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Monday, 10 December, 2001, 13:44 GMT
Actors' joy at Rings trilogy
The film is premièred in London on Monday
The film is premièred in London on Monday
The Lords of the Rings trilogy may be one of the most challenging and demanding film projects ever undertaken, but the actors say they have no regrets.

Peter Jackson directed all three movies back-to-back in his native New Zealand at a cost of £190m.

The shoot took more than 15 months to complete and now the first of the trilogy, The Fellowship of the Ring, premières in London on Monday.

Hundreds of fans are expected to turn up and see its stars, who include Elijah Wood, Ian Holm, Sean Bean and Liv Tyler, at Leicester Square.


Many of the actors admit that starring in such a hugely-anticipated film had been very tough.

Tyler said: "I wasn't familiar with the book at all when I was offered the part. It was kind of overwhelming for me to take on this whole new world.

"It was a big challenge to take on the role of an elf. They are just extraordinarily perfect beings, it took me a long time to portray someone who is immortal and nearly 3,000 years old."

Bean said the 11 months he spent on the movie had an amazing impact on him, saying it was a "life-changing experience".

"The prospect was so thrilling. The fact that we were working on something that people had so much passion for, it meant I became totally immersed in it," said Bean.

He revealed that all nine members of the Fellowship of the Ring had bonded during the filming, going as far as to have tattoos made with the elfish symbol of nine.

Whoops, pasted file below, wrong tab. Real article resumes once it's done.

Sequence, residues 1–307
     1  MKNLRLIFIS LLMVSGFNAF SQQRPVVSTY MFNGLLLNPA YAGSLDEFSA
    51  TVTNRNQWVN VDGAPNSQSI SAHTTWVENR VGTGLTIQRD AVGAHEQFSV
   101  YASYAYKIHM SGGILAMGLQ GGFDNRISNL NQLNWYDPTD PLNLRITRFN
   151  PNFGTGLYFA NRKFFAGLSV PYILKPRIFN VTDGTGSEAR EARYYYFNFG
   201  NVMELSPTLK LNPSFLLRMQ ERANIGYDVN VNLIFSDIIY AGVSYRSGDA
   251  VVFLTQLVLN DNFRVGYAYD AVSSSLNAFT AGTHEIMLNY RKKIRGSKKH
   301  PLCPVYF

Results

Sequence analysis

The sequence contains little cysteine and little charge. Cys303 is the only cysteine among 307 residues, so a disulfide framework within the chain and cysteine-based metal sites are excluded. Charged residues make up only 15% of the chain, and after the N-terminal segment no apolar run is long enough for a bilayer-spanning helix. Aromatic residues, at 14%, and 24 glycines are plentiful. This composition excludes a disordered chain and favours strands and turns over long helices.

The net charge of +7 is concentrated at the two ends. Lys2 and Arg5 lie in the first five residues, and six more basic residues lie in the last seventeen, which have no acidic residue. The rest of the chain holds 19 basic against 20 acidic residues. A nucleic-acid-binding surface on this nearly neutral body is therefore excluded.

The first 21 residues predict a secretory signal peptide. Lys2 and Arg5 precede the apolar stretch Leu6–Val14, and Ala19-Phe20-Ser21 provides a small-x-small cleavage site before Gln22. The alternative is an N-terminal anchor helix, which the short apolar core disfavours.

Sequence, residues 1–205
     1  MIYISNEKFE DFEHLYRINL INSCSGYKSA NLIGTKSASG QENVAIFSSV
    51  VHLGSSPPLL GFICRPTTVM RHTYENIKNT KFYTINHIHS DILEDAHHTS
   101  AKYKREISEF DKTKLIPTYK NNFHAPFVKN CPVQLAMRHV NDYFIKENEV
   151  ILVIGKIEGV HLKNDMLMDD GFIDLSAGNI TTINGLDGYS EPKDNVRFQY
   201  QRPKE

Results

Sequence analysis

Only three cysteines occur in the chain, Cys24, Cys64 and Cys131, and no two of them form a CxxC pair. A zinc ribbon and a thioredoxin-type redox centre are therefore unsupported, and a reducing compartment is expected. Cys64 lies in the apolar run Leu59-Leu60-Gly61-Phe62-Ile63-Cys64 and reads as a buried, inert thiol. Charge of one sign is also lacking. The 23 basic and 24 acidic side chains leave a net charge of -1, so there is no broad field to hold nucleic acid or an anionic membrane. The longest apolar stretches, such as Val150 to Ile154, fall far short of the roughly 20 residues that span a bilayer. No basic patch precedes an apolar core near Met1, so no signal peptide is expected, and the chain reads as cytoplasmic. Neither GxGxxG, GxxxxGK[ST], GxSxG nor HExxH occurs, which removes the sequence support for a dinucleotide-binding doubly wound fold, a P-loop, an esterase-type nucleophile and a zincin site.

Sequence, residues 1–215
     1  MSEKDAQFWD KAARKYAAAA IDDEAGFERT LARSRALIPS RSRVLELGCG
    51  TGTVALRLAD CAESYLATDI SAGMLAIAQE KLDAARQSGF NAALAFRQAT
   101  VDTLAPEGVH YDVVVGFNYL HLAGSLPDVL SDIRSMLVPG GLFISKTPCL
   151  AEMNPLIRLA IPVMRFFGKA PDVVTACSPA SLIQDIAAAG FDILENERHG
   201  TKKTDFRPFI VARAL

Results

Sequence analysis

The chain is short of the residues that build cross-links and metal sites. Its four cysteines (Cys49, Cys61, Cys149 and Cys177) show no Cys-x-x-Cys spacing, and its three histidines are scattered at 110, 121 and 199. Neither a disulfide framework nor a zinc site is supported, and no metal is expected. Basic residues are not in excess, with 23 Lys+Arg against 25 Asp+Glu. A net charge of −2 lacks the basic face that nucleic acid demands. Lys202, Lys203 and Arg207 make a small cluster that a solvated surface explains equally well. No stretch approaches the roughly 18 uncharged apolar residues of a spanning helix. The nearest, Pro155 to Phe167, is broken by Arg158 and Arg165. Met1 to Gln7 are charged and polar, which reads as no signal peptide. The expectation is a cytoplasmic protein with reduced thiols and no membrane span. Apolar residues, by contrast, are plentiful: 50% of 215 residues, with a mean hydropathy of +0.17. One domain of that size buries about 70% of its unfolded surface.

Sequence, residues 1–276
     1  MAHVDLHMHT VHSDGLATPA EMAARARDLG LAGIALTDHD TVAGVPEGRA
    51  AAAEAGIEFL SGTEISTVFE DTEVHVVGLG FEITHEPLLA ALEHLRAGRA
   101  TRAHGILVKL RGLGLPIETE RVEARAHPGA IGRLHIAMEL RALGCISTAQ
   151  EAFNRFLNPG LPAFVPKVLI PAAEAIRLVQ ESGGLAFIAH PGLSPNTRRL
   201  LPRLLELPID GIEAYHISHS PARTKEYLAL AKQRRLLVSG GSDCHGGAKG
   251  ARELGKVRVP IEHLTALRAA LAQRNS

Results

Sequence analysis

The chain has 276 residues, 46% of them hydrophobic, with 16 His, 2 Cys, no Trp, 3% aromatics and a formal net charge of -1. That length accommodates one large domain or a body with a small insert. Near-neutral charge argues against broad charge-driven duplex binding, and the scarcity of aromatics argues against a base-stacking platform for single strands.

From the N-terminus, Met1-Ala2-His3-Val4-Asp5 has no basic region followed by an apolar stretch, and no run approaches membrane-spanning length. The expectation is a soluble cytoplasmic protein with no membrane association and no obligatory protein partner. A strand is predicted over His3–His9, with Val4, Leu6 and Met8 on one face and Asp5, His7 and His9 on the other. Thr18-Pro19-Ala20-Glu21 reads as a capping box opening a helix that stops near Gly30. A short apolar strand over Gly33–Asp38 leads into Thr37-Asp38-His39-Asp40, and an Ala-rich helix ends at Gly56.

More than 2,000 people were involved in the filming of the epics, and on one of the days about 1,400 eggs were served for breakfast.

Director Jackson said preparation was the key to the film getting off the ground.

He said: "Normally on a movie you would get six to eight months to prepare a movie before you start shooting, in this case we had three years of planning from the time we started writing the script."

Philippa Boyens had the mammoth task of translating the JRR Tolkien books onto the big screen, but said she was determined to succeed.


"It was a process of navigating the demands of film and navigating the demands of the book and we always had Peter Jackson's vision," said Boyens.

She added that the project was a "great joy" and that it was a "privilege" to work on, a point echoed by Wood, who plays the main character Frodo.

"This is something I wanted to do with an absolute passion. There was no second thought," said the 20-year-old.

"It's the opportunity of a lifetime and it proved to be one of the greatest experiences of my life."

Wood acknowledges that filming was not always plain sailing, especially when it came to the hairy, fake feet the Hobbits had to wear.

"The feet became the bane of my existence. Every morning at about five am I had to stand up for 90 minutes to have these things glued to my feet," said Wood.

"They did fall off a lot when you were running. Our feet took a lot of damage. Sean Astin (who plays Sam in the movie) got a branch through his foot and had to be helicoptered to hospital."

'Huge risk'

Jackson admits it was hard to juggle the wishes of the fans of the books, along with movie-goers who had not read Tolkien's classics.

"I guess that two-thirds of the people who see this movie will not have read the book. My primary responsibility as a filmmaker was to make a film that could be enjoyed by everyone," said the New Zealand-born director.

He acknowledges that the movies were "a huge risk" but joked that they were just a "bunch of Kiwi filmmakers, using American dollars, to make an incredibly English movie".

He said: "We felt England should be honoured with the world premiere out of respect for the fact that this is where the story was born."

The movie opens across the UK on 19 December with the two other films of the trilogy, The Two Towers and The Return of the King, expected to be released at the end of 2002 and 2003.




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10 Dec 01 | England
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